• That is most likely a ferro-resonant circuit. The capacitor and winding is tuned to be able to stabilise the output voltage. DEC used them a lot before they converted to switching power supplies. It was very common to have a PCB containing AC cap there. Depending on when the PCB ban happened. I think equipment after mid seventies usually have PCB free AC capacitors. I have replaced all the PCB containing AC capacitors in any running equipment I have. I don't want them to explode.
                www.datormuseum.se

                Comment


                • The transformer is a constant voltage model. It has a quite big air gap. That capacitor saturates the core which is limiting/regulating the output voltage. Without the capacitor the output voltages will be too high.

                  45 degree Celsius is a quite normal temperature for a transformer. But with a too high voltage on the output the heat sinks will be hot as well. So it is important to replace the capacitor with the right capacity.

                  Regards, Roland
                  WTB: Case for Altair 8800 ...... Rolands Github projects

                  Comment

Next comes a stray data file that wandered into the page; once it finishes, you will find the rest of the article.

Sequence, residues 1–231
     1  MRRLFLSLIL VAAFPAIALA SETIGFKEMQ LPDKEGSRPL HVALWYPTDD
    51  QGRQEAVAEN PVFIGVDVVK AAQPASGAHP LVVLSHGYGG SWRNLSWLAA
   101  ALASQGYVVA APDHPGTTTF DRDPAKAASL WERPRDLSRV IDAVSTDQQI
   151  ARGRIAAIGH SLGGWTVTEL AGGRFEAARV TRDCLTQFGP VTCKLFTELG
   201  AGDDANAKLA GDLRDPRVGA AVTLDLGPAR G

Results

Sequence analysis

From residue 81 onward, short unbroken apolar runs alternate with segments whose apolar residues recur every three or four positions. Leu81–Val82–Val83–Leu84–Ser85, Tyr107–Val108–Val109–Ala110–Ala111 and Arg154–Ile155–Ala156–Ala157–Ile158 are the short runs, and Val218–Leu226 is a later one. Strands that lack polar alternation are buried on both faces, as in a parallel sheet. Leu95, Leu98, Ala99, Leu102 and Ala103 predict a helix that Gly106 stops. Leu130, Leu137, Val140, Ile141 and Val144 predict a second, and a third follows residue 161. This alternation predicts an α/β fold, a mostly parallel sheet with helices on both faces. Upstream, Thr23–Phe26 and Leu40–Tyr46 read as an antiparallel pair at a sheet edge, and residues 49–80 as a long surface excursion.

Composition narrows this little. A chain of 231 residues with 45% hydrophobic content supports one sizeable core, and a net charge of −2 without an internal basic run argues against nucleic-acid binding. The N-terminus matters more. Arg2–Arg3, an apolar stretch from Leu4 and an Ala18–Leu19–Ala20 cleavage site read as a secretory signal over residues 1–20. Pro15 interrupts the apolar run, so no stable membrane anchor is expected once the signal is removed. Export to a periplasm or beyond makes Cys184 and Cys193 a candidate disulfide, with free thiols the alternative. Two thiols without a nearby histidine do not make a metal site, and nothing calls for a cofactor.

• Thatís one of the references I was trying to find.

                    I suspect the voltage will fall not rise if the capacitor fails open circuit though.

                    Dave

                    Comment


                    • I picked up some hex Omnibus boards that had the gold fingers cut off as a source for hard to find ICs. I was a little disappointed to find that a pair of boards was an FPP8-A. I really would have liked to add them to my PDP-8/a.
                      Member of the Rhode Island Computer Museum
                      http://www.ricomputermuseum.org

                      Comment


                      • Originally posted by m_thompson View Post
                        I picked up some hex Omnibus boards that had the gold fingers cut off as a source for hard to find ICs. I was a little disappointed to find that a pair of boards was an FPP8-A. I really would have liked to add them to my PDP-8/a.
                        Bummer! Sounds like a great resource though. The FPP8-A docs do a good job of documenting the contents of the programmable parts, but there are a lot of them, so making them machine readable (that is, typing them back in) is a big job. Maybe it would be possible to image the parts in your damaged one? Or has this been done already somewhere?

                        (The 128K MMU could use similar imaging, if someone is sitting on a damaged one.)

                        Vince

                        Comment